Scientific Singing

Scientific Singing cover
Cover of “Scientific Singing”, with the author’s EST monogram at lower right

In his 1916 book Scientific Singing, E. Standard Thomas wastes no time in getting to his point:

Do you realize that you can sing? Do you realize that to sing is a normal expression of your spiritual nature? Do you realize that song has a place in every life?

Clearly, Thomas was a singing teacher, and this book was his manifesto. In his next breath, he confronts your fears:

Why don’t you sing? Because I have no voice. Why do you say you have no voice? You have never proved it.

The real reason why you do not sing is because you do not appreciate the value singing will be to you. You do not realize that in your everyday life singing is of actual worth. Singing is not a great mystery. It is but the expression of ideas you are conceiving every day. The gift of song is possessed by all. It is within your grasp. You can appreciate it. You can attain it. You can express yourself in song.

Scientific Singing title
Title page of “Scientific Singing.” The frontispiece is the author’s music studio, designed by famed architect Bernard Maybeck in 1910

Edgar Standard Thomas (1883-1952) was the adopted son of Captain Richard Parks Thomas (1826-1900) and his wife Jane Watson Thomas (1829-1919). Capt. Thomas was a Civil War veteran and owner of the Standard Soap Company in west Berkeley. (Edgar’s middle name “Standard” was taken directly from the name of the soap company.)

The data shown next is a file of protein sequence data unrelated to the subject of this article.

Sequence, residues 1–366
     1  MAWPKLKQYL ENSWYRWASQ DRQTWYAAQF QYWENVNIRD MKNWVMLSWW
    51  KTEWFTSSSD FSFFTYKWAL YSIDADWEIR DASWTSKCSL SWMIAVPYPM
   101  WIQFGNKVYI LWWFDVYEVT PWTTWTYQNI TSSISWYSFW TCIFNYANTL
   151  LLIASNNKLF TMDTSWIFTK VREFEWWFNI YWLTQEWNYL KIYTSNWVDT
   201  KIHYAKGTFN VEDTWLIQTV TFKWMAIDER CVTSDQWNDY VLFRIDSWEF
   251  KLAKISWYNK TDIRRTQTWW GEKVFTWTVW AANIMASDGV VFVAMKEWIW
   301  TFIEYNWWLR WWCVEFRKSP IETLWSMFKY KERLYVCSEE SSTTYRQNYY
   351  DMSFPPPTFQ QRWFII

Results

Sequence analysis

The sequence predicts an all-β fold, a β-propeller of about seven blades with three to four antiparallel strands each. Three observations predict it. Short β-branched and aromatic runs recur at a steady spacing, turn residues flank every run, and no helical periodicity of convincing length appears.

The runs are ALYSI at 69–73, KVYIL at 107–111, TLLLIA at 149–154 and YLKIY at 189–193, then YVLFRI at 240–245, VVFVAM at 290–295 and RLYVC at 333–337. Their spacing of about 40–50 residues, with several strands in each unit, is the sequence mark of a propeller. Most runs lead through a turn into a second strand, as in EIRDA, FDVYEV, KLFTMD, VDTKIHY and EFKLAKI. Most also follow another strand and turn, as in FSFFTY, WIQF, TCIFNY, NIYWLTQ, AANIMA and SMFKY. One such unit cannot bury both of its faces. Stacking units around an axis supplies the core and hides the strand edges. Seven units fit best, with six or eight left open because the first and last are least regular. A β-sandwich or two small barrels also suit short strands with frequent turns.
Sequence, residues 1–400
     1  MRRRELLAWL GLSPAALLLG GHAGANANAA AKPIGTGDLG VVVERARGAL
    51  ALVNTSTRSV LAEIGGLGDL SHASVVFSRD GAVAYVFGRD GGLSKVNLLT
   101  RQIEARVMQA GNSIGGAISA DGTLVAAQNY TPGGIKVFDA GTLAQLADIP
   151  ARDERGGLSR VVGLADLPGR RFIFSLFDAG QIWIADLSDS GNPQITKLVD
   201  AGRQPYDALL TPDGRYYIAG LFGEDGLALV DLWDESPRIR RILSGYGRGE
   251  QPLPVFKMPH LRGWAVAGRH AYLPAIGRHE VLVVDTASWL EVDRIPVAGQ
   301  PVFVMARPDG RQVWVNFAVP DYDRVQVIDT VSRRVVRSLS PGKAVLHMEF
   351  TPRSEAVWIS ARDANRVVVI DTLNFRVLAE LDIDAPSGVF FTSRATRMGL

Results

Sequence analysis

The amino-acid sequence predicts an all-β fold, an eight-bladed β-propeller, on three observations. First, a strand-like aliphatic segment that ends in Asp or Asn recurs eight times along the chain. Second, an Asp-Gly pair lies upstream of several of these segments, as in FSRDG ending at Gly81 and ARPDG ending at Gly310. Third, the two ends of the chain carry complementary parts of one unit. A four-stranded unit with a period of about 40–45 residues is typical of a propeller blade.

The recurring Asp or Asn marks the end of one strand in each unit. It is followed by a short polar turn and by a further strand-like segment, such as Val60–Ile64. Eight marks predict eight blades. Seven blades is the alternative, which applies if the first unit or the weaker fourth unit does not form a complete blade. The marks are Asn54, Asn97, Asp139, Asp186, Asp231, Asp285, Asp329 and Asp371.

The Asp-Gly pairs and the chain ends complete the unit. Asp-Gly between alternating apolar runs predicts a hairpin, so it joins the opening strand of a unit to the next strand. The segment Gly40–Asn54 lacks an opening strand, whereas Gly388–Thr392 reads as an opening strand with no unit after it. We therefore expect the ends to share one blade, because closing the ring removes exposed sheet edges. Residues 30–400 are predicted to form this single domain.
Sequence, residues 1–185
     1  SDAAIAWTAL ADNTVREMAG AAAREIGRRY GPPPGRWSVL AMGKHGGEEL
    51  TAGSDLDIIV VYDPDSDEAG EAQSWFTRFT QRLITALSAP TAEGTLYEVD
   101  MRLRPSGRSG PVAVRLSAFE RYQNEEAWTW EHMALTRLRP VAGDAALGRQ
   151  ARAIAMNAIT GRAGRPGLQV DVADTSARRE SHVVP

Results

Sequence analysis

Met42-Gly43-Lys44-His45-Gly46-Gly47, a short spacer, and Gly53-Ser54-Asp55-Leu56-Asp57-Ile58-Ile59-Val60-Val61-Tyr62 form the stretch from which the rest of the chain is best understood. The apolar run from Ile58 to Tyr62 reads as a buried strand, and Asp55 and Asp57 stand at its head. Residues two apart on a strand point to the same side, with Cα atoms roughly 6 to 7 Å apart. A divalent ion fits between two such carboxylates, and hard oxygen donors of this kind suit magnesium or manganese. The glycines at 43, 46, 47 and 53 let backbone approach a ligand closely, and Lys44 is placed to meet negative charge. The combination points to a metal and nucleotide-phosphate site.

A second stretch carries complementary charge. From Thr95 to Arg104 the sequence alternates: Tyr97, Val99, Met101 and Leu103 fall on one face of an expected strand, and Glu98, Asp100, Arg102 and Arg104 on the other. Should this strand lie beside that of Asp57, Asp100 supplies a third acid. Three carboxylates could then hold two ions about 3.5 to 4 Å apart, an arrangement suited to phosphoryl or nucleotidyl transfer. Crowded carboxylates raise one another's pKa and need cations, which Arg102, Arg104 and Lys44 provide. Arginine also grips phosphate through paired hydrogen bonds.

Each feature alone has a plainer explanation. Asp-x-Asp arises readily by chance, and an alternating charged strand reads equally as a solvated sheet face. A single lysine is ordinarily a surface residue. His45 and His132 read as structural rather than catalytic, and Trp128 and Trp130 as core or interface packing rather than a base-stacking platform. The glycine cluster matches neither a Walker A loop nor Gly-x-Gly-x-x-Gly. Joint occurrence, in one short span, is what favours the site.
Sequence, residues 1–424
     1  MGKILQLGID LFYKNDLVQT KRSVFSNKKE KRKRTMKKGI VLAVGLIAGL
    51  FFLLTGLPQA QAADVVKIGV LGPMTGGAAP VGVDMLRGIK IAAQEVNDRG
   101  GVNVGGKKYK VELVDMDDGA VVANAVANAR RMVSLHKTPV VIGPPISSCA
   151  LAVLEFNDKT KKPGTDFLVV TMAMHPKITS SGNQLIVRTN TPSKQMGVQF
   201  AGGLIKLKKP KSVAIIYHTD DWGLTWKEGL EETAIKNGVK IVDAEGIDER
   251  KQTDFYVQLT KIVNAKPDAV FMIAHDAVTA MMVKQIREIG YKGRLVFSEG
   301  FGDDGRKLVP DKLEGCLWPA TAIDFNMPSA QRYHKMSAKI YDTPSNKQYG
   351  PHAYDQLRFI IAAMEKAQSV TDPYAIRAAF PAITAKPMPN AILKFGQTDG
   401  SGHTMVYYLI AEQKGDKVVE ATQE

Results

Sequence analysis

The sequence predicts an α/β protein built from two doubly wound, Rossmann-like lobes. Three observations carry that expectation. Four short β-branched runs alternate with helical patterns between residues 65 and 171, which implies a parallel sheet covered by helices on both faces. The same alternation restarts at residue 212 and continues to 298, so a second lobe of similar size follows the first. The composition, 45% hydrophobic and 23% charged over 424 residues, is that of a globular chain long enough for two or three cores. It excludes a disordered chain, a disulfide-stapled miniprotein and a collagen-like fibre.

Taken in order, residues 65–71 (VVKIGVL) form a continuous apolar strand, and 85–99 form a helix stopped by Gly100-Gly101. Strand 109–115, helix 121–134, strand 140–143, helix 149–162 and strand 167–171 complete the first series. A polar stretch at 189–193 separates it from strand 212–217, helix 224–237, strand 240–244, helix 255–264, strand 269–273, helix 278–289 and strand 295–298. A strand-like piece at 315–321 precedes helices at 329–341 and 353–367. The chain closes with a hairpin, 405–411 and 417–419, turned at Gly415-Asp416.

Capt. Thomas owned a large tract of land north of the UC Berkeley campus, an area he called “La Loma” (Spanish for “hill”) but which is now colloquially called “Nut Hill,” possibly referring to Capt. Thomas’s well-known eccentricities.

The Thomas home was located on what is now Greenwood Terrace. The San Francisco Call society pages of 6 August 1911 reported that

Scientific Singing p56
Scientific Singing, page 56-57

Mrs Thomas and her son, Edgar Standard Thomas, have returned to their North Berkeley home after an absence of two months in the east. The Thomas home, ‘La Loma,’ has been one of the show places of Berkeley for 30 years. Mrs Thomas recently built her son a studio overlooking San Francisco Bay.

After Capt. Thomas died in 1900, his widow Jane subdivided the La Loma Park tract. Edgar’s new studio, a photo of which appears on the frontispiece, was designed in 1910 by famous architect Bernard Maybeck. It was located along Buena Vista Way, between Greenwood Terrace and La Loma. The studio burned in the 1923 Berkeley fire and was not rebuilt.

Edgar Thomas and his parents are buried in the same plot in the Mountain View Cemetery in Oakland.

I wish to thank Daniella Thompson for sharing her extensive research on Capt. Thomas and La Loma Park. Here is a three-part article Daniella wrote for the Berkeley Architectural Heritage Association website: